Venice confronts its over-tourism

The city has a phenomenal tourism footprint, with over 36 million tourists moving through the city each year

The city has a phenomenal tourism footprint, with over 36 million tourists moving through the city each year

Venice is no stranger to reinventing itself with the whims of time and fortune, and fittingly in 2021 as the city celebrates its 1600th anniversary it is once again casting about for a new direction. Much has been made of how recent challenges have impacted the metropolis, constructed from 118 islands in the Venetian lagoon. There’s no two ways around it, Venice is having a difficult time at present. The global events of 2020 have impacted Venice much like everywhere else, what is different for the small city of 260,000 residents is that it has provided some breathing room to the famously overcrowded town to reflect on their beautiful home and to consider what comes next for the “Queen of the Adriatic”.

In recent years there have been two major topics occupying the evolving discourse in the north Italian center. The city has been beset by increasingly damaging flooding, with 2019’s flood being the worst the city has experienced since 1966. Modern climate science points to this becoming an increasingly frequent event as rising global temperatures continue to precipitate a sea level that disproportionately affects low lying coastal settlements like Venice, built as it is across 118 islands on the Venetian lagoon. Projects such as the MOSE (Experimental Electromechanical Module), a tidal defense system being constructed to protect the city of Venice and the Venetian lagoon from flooding are underway after years of development setbacks and issues. While this will no doubt go some way to positively impact the city’s battle with rising sea levels, many are questioning whether the huge public construction work is truly the best solution for Venice. Critics point to more successful applications of dykes and dams such as those seen in the equally low lying region of the Netherlands, which are both quicker and cheaper to construct than the €5.5 billion project that has overshot its deadline by 10 years and counting.

The other key factor that has been consistently on the minds of Venetians in recent years is the impact of over-tourism. The city has a phenomenal tourism footprint, with over 36 million tourists moving through the city each year due in no small part to the frequent cruise ships that stop off at the Adriatic city. The city receives over 500 annual visits by cruise ships, each carrying an average of 3400 tourists. This puts immense pressure on the city’s services, from sewage and recycling facilities to accommodation and transport. Before 2020, the city’s local population was a third smaller than in 1950 due to locals being priced out by short-term lets and AirBnBs. A recent study found that there are 74 tourists for each local civilian.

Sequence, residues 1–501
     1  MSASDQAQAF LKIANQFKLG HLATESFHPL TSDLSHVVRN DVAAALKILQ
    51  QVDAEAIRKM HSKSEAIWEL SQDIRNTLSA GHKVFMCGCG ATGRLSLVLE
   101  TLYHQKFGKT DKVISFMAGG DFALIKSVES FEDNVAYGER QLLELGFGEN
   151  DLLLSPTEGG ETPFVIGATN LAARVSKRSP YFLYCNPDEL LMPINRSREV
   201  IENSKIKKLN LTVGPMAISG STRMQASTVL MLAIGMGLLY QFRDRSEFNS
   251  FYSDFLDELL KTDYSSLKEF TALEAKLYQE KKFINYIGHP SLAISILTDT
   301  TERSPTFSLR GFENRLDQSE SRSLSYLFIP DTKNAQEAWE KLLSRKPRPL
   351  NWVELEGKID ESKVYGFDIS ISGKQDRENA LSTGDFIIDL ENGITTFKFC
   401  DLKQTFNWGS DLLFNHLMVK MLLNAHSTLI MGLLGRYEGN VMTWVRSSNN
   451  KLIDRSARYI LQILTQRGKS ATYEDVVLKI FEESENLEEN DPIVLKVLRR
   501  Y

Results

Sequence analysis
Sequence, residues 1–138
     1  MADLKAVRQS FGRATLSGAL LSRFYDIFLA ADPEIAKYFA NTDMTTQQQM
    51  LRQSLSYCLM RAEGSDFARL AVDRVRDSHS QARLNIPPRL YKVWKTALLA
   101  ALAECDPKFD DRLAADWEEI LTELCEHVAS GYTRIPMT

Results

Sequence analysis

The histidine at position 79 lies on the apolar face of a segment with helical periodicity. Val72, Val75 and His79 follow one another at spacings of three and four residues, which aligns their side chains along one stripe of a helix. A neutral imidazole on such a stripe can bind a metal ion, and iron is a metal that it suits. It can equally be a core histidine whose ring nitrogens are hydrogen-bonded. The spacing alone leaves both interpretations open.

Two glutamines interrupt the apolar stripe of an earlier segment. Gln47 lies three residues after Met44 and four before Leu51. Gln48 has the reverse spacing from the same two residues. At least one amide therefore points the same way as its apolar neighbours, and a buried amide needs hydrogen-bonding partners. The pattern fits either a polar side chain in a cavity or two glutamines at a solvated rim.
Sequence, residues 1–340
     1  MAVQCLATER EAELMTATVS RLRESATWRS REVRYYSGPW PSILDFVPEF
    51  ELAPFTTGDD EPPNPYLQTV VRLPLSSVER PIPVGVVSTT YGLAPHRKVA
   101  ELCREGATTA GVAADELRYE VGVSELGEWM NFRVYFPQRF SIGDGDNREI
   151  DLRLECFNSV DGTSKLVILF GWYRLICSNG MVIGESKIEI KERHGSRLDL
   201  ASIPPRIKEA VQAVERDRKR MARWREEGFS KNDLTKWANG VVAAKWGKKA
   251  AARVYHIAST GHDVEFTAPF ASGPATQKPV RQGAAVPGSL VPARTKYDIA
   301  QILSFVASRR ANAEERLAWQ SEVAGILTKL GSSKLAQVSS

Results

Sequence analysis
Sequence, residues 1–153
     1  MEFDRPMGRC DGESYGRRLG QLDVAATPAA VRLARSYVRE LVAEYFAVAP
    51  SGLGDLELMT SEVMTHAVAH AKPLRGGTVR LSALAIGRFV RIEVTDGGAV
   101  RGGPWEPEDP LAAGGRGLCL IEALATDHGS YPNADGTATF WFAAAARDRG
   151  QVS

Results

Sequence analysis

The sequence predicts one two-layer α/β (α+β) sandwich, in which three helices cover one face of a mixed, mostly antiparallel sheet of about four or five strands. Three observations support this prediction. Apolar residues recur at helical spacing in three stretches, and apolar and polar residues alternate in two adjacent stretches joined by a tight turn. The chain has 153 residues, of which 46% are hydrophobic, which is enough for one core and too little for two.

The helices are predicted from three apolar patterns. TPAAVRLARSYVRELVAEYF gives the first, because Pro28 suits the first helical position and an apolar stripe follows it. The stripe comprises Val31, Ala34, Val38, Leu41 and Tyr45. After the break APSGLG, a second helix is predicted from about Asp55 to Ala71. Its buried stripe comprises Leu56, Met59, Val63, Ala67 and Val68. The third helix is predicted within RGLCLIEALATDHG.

Much is being made of what the city can do to change this set of circumstances as it contributes to a diminished experience for all who live and visit the city. Identifying the various reasons visitors flock to Venice can yield valuable insight into what city-planners can do to streamline the impact of tourism. Aside from the city’s nightlife and cultural draws, many come to play at one of Venice’s gaming establishments such as the world’s oldest casino, the Casinò di Venezia. Increasingly, professionals who would previously seek out these gaming experiences in-person are looking to modern paradigms, with the online casino sector now accounting globally for $50 billion a year in gaming revenue. Ease of access and modern incentives such as welcome bonuses and promotions on games such as roulette and online slots accessible from any smart device are paving the way for a decrease in the demand for physical gaming which will positively impact Venice’s desire to decrease footfall in the city.

Other events and attractions, such as the famous Venice Carnival are always likely to be a major tourist draw however. Despite some voices advocating for an end to the tourism industry in Venice altogether most recognize the necessity for striking a middle way between the two courses, tourism being by far the main source of revenue for the city. One area the local council are looking to is the prospect of limiting the number of AirBnBs, hotels and short term lets permitted in the city, in order to drive down property prices for locals and limit the number of tourists able to stay in the city center. This is in alignment with a trend in the local property market necessitated by 2020. The feeling is that for all the hardships and unique challenges the previous year has posed, Venetians feel like they have their city back and are in no hurry for visitor levels to return to pre-2020 levels.